Traders watch as Brent crude oil prices pass the $50 per barrel mark at the start of trading Tuesday in New York. (UPI Photo/Monika Graff) | License Photo
NEW YORK, Oct. 6 (UPI) -- European support for Greek economic recovery and industry sentiments of upward momentum helped lift crude oil prices in early Tuesday trading.
West Texas Intermediate, the U.S. benchmark for crude oil prices, moved up about seven tenths of a percent in early trading Tuesday to $46.62 per barrel. Brent crude oil prices rallied 1.5 percent to $50.03 per barrel.
Crude oil prices started edging up last week after Russian military forces entered the conflict in Syria on the side of Syrian President Bashar al-Assad. The U.S. government said Russia was operating from a position of weakness as sanctions and low oil prices diminished its economic clout.
Oil prices are down by about half from their mid-2014 levels because markets are favoring the supply side. North American and Middle East production is ramping up at a time when global economic trends show lackluster recovery.
Shell Chief Executive Officer Ben van Beurden told conference-goers in London the oil industry was showing more resiliency than expected.
"I see the first mixed signs for a recovery in oil prices," he said in a statement.
Low oil prices means less cash for investment in exploration and production. That trend was reflected last week when oil services company Baker Hughes reported U.S. rig counts were at a five-year low, suggesting the markets may be pulling away from the supply side.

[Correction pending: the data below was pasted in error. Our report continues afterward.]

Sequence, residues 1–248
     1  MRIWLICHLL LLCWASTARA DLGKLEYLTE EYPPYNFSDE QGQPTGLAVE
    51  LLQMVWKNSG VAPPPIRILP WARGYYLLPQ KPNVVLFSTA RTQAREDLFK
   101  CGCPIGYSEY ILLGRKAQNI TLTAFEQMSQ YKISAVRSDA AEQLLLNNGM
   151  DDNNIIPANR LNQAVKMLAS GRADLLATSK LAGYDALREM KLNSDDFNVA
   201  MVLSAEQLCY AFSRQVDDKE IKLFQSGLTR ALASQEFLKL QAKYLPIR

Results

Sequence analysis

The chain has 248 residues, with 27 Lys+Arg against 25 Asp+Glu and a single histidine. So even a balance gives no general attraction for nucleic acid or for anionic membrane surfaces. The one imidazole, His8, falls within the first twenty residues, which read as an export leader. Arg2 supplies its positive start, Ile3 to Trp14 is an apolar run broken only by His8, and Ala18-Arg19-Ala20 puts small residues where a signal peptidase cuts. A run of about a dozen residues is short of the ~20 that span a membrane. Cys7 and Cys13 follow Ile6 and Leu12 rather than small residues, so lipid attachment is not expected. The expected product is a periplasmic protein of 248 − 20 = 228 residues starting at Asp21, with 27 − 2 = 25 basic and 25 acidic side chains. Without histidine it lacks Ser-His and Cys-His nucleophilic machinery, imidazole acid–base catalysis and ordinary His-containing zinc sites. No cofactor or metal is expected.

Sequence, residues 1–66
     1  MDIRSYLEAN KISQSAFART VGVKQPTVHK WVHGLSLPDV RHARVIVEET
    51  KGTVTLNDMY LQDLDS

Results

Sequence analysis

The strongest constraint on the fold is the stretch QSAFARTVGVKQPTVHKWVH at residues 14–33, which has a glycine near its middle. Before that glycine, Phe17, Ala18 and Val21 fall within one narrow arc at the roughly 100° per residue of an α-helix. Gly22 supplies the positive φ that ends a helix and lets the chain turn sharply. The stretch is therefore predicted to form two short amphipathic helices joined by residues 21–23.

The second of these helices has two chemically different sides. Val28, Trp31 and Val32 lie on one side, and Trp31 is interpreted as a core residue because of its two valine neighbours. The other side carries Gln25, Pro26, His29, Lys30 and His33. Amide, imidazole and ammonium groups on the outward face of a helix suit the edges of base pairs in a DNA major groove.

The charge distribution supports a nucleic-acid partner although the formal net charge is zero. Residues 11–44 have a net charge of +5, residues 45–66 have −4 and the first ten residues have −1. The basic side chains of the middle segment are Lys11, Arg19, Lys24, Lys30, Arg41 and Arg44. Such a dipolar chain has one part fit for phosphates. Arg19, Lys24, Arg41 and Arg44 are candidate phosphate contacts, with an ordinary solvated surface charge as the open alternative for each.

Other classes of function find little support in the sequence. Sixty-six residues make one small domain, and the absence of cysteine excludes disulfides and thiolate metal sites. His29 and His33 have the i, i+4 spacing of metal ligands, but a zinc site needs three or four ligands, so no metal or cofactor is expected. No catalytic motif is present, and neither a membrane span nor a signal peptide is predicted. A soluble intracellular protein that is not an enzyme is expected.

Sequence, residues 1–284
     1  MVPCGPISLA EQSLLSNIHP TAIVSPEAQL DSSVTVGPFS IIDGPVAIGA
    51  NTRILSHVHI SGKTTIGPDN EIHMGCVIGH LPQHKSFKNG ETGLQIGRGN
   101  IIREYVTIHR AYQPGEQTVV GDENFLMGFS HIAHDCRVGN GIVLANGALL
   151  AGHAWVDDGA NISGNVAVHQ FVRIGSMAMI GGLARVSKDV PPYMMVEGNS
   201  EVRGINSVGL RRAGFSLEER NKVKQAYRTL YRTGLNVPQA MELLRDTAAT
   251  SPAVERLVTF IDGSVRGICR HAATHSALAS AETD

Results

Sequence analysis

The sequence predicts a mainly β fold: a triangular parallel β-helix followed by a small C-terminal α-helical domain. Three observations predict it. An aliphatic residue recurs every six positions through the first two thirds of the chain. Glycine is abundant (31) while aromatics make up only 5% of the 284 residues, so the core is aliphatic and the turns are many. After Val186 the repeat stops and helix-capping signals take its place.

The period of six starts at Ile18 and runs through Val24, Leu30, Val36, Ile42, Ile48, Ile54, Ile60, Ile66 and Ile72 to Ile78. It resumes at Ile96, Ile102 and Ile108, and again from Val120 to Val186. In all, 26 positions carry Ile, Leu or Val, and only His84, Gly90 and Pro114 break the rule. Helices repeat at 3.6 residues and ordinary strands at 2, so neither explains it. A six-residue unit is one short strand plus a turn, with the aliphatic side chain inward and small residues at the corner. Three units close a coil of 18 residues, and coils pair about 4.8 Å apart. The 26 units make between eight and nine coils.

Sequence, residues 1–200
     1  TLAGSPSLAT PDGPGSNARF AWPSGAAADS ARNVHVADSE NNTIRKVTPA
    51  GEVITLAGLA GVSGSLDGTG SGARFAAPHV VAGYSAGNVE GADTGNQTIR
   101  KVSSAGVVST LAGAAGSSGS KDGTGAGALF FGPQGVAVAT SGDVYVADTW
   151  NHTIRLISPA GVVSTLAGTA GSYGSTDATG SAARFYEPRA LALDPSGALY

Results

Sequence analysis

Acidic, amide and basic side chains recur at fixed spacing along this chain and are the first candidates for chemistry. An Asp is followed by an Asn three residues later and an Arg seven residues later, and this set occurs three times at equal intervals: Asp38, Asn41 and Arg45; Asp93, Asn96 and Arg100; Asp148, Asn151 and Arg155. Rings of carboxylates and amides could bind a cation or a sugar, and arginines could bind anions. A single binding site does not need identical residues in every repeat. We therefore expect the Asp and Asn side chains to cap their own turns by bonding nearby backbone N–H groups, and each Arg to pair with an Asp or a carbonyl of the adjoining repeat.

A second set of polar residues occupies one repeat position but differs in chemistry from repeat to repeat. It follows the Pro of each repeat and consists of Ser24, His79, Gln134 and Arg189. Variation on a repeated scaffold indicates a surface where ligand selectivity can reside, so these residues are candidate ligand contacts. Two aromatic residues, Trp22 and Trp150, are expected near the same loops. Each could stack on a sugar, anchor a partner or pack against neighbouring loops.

For the global economy, the International Monetary Fund estimates economies like Russia, which depend heavily on oil and gas revenue, could contract by an average 1 percent through the two years ending in 2017. For consumer nations, however, there will be benefits.
The European Commission said it welcomed a vote by members of the European Parliament in favor of a Greek growth plan. Summer concerns over Greek debt added downward pressure to crude oil prices.
"EU funding can play a vital role in injecting investment directly into the real economy, if targeted wisely and used to its full potential," Valdis Dombrovskis, the European Union's vice president for regional dialogue, said in a statement.